14. What does she report as features of her mind and character? (7-8) Were these traits useful in helping her to survive?
  15. Why had Johnston contemplated suicide? Why may her account at this point be so cryptic? What do you think is meant by “the mystery of my life”?
  16. What role do family members play in enforcing her submission? (8-9) How does she react to her “tormenter”?
  17. What prevents her from committing suicide, by her account? (10)
  18. What does she report as the attitude of her fellow factory-girl workers toward her? (9)
  19. What sexual/romantic complications entered her life during adolescence? Why does she deny the charge of being a “fallen woman”? (10) Who seems to have been the father of her child?
  20. What is the purpose of adducing Oliver Goldsmith’s poem (from The Vicar of Wakefield) on pages 10-11?
  21. What does she see as a motivation for giving birth? (11) Would the Victorian reader have expected this response to out-of-wedlock pregnancy?
  22. What do we later learn about Johnston’s daughter? (She would have been fifteen at the time Johnston’s “Autobiography” was published.) Why do you think Ellen fails to mention what has since happened to Mary Achinvole?
  23. What is Johnston’s attitude toward her poetic talents and career? Where does she publish her poems? To what extent is she correct that publication in the Glasgow Examiner would have “made my name popular thorughout Great Britain and Ireland”? (11)
  24. Under what conditions is she forced to assume new obligations toward her stepfather and mother? How does she manage this?
  25. What motives may have prompted her employer to assist her? (12) Did his gift accomplish its full intention?
  26. Where does she travel, and what prompts her choice of destination? What does she find notable about her life in Belfast and Manchester? Where does her daughter remain during her absence?
  27. How does Johnston respond to the unexpected letter from her father? (13) What did she believe she had lost by his death? (13) To what motive does she ascribe his suicide? (13) Is this likely?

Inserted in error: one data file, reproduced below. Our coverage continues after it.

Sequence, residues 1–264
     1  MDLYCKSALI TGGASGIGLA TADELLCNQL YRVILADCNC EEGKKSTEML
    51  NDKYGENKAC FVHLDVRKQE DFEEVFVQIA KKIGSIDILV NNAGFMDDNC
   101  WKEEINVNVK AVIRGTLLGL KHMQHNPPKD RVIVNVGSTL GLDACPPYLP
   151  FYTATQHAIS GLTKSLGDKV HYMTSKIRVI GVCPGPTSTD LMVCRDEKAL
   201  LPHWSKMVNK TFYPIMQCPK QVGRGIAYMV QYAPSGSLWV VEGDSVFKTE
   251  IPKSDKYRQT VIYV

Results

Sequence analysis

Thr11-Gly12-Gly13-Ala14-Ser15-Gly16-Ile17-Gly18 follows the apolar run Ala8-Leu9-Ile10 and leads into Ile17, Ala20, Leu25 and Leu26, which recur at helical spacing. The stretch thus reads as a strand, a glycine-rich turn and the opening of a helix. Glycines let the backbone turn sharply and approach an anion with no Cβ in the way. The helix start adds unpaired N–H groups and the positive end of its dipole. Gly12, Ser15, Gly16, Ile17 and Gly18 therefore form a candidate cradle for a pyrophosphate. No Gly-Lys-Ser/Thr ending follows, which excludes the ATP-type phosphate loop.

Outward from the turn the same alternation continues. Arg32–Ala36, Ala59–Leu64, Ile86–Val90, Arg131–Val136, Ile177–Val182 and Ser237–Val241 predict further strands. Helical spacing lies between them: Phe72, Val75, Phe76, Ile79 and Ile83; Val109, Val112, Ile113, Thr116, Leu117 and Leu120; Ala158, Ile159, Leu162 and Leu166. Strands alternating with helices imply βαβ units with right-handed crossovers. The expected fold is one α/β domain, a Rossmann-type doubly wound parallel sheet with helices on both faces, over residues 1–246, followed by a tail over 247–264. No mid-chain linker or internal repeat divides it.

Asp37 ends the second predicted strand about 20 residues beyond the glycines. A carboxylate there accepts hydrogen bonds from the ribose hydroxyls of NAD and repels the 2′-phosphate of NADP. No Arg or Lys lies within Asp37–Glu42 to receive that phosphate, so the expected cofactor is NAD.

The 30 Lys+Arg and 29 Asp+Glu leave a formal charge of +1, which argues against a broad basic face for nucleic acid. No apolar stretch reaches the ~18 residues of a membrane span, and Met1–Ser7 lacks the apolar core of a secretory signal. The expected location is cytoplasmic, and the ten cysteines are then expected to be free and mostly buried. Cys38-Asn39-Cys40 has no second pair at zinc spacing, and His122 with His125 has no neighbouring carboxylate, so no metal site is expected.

28. Under what circumstances did her mother die? (13)
  29. How do you interpret the fact that she leaves for Dundee without mentioning whether her daughter went with her?
  30. What are some of Johnston’s experiences in Dundee? What seem to have been some of her traits of character?
  31. What account does Johnston herself give of her character, and to what extent might readers have found it convincing?
  32. What circumstances finally improved Johnston’s life? What is her relationship to the readers of the Penny Post? (15)
  33. Who might have been the readers of the Penny Post? Many readers wrote poems showing their interest in her life and autobiographical poems; what about her poems may have attracted them?
  34. Where was Johnston able to publish? Under what circumstances was she enabled to publish a book?
  35. What are her goals for her book? What do you think are some of the motives which prompted her to write?
  36. Johnston never left the factory, though she published a second expanded edition of Poems. Many of the Poems present her as a romantic single woman in search of love; and there is no mention of her now adolescent daughter! Six years after the publication of “Autobiography” she died in the hospital of the Glasgow Barony Poorhouse.
  37. Do you think Johnston would have considered the publication of her poems a success? How do you think she would have evaluated her life?
  38. How would you contrast this “Autobiography” with the others we have read? To what do you attribute the differences?
  39. Had Johnston lived to write another memoir at the age at which Elizabeth Campbell and Lucy Luck wrote theirs, do you think it might have been different, and if so, how?